Sunday, March 8, 2015
Patient Safety Awareness Week - Some History
The History of Patient Safety - Patient Safety Awareness Week March 8-15, 2015
Some say patient safety started in the late 1800’s with Dr. Ignaz Philipp Semmelweis who was a Hungarian physician now known as an early pioneer of antiseptic procedures. He was born July 1, 1818 in Hungary and lived until 1865 where he died in Austria.
Seimmelweis was best known for his discovery that the incidence of puerperal fever, also known as childbed fever, an infection following childbirth, could be reduced by use of hand washing standards in obstetrical clinics.
Puerperal fever was common in mid-19th-century hospitals and often fatal, with mortality at 10%–35%.During a research on the autopsy of his friend who died because of a fatal dissection wound, Semmelweis noticed symptoms similar to those of childbed fever. This observation prompted him to connect cadaveric contamination with puerperal fever. Soon after he declared that medical students carried infectious substances on their hands from dissected cadavers to the laboring mothers. This also provided the logical explanation for a lower death rate in the second clinic, operated by midwives because they were not involved with autopsies or surgery.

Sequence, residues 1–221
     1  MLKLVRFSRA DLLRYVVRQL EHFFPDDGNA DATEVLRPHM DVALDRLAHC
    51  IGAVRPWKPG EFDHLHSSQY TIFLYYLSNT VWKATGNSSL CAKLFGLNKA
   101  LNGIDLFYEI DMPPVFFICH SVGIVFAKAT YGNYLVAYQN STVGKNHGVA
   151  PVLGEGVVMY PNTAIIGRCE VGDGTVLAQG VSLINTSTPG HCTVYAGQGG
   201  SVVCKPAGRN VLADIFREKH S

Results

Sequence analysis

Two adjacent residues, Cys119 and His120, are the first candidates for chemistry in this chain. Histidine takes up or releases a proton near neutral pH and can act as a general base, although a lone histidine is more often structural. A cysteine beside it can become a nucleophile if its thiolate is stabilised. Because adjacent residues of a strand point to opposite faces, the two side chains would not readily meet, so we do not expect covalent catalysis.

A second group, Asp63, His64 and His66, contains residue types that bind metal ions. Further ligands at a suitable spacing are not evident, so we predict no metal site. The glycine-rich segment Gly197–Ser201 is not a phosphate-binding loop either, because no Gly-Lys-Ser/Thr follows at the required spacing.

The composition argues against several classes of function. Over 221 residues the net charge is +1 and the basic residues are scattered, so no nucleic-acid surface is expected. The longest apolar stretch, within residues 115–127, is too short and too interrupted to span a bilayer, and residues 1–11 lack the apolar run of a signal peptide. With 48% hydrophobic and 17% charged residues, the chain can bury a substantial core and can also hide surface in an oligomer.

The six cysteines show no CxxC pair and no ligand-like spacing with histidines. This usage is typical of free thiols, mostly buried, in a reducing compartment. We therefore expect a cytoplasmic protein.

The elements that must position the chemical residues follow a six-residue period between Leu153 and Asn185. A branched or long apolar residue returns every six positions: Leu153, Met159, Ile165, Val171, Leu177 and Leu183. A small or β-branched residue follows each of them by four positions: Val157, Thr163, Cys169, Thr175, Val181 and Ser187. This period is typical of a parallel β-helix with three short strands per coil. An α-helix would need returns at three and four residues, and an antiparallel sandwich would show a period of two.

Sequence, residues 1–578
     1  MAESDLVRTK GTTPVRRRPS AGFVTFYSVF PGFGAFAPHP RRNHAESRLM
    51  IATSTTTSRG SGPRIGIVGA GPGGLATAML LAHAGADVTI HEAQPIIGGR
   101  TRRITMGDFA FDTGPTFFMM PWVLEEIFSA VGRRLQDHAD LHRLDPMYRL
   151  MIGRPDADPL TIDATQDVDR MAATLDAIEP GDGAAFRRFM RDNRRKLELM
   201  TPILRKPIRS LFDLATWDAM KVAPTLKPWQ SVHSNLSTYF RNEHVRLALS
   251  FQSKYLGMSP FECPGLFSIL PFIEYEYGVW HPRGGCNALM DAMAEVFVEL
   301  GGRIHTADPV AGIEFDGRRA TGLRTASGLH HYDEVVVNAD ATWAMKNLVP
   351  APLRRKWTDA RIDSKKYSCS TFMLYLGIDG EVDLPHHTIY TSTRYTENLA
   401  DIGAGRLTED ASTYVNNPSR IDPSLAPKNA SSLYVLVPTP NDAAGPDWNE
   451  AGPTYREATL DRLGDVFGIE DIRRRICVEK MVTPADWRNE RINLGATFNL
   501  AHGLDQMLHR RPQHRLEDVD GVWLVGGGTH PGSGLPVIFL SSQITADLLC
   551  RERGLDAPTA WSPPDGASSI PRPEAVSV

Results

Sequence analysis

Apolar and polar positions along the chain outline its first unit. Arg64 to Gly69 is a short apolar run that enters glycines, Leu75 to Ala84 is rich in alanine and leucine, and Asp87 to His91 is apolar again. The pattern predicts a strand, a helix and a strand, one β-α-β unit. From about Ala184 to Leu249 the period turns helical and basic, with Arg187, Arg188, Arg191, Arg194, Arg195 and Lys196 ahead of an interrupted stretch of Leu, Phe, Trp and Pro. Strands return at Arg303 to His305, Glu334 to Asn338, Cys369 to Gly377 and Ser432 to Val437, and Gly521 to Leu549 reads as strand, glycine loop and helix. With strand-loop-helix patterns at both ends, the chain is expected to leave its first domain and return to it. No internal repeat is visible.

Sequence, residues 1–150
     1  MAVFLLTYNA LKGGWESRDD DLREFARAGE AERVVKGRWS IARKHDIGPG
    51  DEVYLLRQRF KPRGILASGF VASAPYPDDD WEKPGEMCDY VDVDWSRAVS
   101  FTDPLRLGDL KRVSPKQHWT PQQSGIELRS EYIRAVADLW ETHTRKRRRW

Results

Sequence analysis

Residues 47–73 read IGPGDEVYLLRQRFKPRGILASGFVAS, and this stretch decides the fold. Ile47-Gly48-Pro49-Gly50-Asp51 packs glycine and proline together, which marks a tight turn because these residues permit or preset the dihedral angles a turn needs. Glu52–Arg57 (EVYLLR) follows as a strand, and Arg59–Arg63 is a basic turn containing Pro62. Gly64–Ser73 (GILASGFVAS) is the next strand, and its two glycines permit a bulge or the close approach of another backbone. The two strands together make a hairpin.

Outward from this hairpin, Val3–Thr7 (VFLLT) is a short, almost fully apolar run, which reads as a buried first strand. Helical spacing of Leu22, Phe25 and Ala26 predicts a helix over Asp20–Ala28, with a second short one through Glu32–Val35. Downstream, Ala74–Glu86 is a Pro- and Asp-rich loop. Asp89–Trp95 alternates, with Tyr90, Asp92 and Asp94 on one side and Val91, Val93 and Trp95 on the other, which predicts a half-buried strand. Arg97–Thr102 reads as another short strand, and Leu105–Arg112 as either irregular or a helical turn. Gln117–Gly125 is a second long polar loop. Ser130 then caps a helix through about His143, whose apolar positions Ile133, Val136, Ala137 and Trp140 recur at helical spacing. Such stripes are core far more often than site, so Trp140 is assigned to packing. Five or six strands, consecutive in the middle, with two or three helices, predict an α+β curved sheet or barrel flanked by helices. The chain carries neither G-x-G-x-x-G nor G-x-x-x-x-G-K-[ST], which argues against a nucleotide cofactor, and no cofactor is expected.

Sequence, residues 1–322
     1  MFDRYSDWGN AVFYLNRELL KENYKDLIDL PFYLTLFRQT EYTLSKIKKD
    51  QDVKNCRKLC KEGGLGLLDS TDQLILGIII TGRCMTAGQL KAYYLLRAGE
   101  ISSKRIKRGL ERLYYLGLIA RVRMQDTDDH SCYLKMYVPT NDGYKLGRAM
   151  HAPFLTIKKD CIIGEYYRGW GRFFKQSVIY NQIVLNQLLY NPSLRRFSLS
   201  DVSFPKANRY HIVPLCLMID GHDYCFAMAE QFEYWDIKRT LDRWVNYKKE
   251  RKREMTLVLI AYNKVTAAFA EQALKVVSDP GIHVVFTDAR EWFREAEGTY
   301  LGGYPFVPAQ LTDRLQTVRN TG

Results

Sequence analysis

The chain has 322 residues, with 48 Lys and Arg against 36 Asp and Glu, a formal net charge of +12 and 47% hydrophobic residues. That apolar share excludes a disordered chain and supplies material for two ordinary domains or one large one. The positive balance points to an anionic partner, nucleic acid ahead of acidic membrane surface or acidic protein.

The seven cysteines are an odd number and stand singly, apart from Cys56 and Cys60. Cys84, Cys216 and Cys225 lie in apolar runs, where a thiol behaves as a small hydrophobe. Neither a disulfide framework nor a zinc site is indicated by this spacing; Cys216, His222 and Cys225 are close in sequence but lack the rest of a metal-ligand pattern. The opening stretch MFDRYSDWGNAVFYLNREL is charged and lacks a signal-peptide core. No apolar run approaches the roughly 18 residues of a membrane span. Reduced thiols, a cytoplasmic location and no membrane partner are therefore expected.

Seimmelweis introduced chlorinated lime solutions for interns who had performed autopsies and this reduced the incidence of death of mothers following childbirth.
His discovery was not supported by his colleagues. At a conference of German physicians his ideas were rejected. The years of controversy gradually undermined his spirit.
The stories surrounding his being institutionalized are controversial. From suffering a breakdown because he had no fight left or that he was showing early signs of dementia. The stories surrounding his death are also questionable. He was beaten by staff until he died or he died from an infection. Either way, there is no question that infection caused many deaths in the 1800’s and it does so now. There is also no question that 150 years later, hand washing in the healthcare setting can reduce infection rates – but it’s still not done enough.
Today there are over 90,000 deaths from hospital acquired infection with a cost to the economy of $10 billion.